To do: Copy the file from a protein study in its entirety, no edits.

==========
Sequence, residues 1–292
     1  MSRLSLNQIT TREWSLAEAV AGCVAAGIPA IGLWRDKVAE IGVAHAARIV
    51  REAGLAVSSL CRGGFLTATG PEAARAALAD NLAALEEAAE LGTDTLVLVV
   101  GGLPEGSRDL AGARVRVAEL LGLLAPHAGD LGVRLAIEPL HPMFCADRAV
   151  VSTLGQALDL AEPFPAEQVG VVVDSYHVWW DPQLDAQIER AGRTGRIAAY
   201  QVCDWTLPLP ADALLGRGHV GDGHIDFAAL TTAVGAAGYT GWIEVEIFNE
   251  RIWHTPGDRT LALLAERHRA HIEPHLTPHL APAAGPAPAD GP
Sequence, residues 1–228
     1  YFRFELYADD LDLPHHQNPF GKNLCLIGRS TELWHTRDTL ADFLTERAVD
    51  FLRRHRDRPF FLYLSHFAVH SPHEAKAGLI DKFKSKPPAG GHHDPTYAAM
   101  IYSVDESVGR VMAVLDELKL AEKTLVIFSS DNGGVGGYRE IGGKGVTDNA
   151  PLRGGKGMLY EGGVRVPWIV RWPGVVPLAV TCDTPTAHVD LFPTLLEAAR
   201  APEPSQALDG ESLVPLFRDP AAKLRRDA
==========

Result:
Sequence, residues 1–292
     1  MSRLSLNQIT TREWSLAEAV AGCVAAGIPA IGLWRDKVAE IGVAHAARIV
    51  REAGLAVSSL CRGGFLTATG PEAARAALAD NLAALEEAAE LGTDTLVLVV
   101  GGLPEGSRDL AGARVRVAEL LGLLAPHAGD LGVRLAIEPL HPMFCADRAV
   151  VSTLGQALDL AEPFPAEQVG VVVDSYHVWW DPQLDAQIER AGRTGRIAAY
   201  QVCDWTLPLP ADALLGRGHV GDGHIDFAAL TTAVGAAGYT GWIEVEIFNE
   251  RIWHTPGDRT LALLAERHRA HIEPHLTPHL APAAGPAPAD GP
Sequence, residues 1–228
     1  YFRFELYADD LDLPHHQNPF GKNLCLIGRS TELWHTRDTL ADFLTERAVD
    51  FLRRHRDRPF FLYLSHFAVH SPHEAKAGLI DKFKSKPPAG GHHDPTYAAM
   101  IYSVDESVGR VMAVLDELKL AEKTLVIFSS DNGGVGGYRE IGGKGVTDNA
   151  PLRGGKGMLY EGGVRVPWIV RWPGVVPLAV TCDTPTAHVD LFPTLLEAAR
   201  APEPSQALDG ESLVPLFRDP AAKLRRDA